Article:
The third volume of Graham Pascoe’s Falklands Saga has been published: it is as substantial as his two earlier volumes – 730 pages – and covers the period 1852 to 1982.
In response to Argentina’s planned commemorations of the 200th anniversary of the visit to the Falklands by the privateer captain David Jewett in 1820 and his purported “taking of possession” of the Islands for Argentina, historian Graham Pascoe has released the paper ‘David Jewett’s visit to the Falklands, 1820-21: no valid “possession-taking.” Dr. Pascoe notes in his abstract that before David Jewett arrived he had captured a neutral Portuguese ship, and he captured another neutral US ship in the Islands.
By historian David Tatham (*) - This book by Graham Pascoe describes itself as a refutation of a work by two Argentine lawyers, Professor Marcelo Kohen and Facundo Rodríguez – and that is just what it is.
The Battle of the Falklands 1914 By Graham Pascoe reviewed by David Tatham - With the centenary of the 1914 naval battle coming up in December and commemorations planned for Falkland Islands capital, Stanley and London, Graham Pascoe’s concise account of the battles of Coronel and the Falkland Islands is well timed.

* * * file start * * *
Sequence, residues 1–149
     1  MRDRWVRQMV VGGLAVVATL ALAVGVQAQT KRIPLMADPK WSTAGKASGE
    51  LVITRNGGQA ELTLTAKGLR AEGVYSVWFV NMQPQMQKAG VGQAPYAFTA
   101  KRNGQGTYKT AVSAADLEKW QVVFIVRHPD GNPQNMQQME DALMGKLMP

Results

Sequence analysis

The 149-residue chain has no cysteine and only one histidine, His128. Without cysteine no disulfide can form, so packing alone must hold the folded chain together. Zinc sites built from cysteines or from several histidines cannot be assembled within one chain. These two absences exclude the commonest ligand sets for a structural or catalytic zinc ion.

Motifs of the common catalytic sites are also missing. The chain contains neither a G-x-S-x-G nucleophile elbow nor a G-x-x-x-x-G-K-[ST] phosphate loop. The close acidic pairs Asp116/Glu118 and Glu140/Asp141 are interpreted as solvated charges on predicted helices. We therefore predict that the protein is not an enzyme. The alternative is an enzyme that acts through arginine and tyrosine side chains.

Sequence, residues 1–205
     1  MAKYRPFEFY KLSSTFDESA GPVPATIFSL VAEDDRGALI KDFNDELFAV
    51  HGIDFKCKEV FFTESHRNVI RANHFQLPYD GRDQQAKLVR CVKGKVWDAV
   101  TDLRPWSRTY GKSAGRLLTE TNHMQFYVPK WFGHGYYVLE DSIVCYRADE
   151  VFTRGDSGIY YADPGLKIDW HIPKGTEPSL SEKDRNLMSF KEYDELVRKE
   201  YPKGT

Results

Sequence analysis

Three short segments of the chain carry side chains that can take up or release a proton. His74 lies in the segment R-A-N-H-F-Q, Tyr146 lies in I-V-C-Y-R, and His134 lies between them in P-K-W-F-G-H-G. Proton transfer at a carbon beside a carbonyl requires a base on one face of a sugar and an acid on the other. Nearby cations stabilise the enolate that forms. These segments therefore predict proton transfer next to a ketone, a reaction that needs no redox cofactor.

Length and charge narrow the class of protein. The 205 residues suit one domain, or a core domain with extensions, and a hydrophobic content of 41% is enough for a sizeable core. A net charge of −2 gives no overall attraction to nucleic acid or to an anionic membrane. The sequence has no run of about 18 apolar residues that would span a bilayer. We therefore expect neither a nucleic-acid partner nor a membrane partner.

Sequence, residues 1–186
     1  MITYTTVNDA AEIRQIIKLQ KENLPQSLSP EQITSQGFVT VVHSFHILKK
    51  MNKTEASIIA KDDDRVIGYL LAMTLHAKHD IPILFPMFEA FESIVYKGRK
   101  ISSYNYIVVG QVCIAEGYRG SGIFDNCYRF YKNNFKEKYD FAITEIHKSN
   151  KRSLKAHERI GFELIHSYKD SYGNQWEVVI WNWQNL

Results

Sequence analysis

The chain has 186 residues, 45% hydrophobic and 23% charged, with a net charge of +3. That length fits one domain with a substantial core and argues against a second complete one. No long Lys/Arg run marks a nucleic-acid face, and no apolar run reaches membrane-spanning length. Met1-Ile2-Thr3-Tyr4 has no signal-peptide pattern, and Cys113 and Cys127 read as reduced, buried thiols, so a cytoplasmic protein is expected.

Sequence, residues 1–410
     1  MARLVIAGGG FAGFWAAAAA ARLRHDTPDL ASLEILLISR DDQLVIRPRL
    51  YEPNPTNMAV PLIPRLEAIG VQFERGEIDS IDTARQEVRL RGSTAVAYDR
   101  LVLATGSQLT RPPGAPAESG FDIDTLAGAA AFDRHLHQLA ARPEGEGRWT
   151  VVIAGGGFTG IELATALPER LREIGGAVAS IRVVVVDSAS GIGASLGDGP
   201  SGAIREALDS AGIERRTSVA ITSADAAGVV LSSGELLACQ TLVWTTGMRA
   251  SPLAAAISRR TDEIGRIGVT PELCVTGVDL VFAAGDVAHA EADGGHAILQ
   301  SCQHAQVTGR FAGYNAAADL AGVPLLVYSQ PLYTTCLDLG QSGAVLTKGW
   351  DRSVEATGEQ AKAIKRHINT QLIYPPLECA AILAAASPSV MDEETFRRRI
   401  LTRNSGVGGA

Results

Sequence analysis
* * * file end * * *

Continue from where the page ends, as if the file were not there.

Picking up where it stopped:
The remarkable transformation of the Falkland Islands into the democratic, prosperous, hardworking community of today was applauded by hundreds of supporters gathered in London for the annual reception in London marking the liberation of the Islands from Argentine invasion and occupation in 1982.
By John Fowler - According to the Argentine view of things, the Falkland Islands are Las Islas Malvinas and the capital city is not Stanley, which was founded in 1844, but Ushuaia in Tierra del Fuego, which did not really begin to be a town till 1881 with the establishment of a penal colony there.
By Andrés Cisneros for the Herald
Peter Pepper and Graham Pascoe, who have spent years writing profusely on the issue, have just written a new article seeking to enlighten us on Malvinas rights.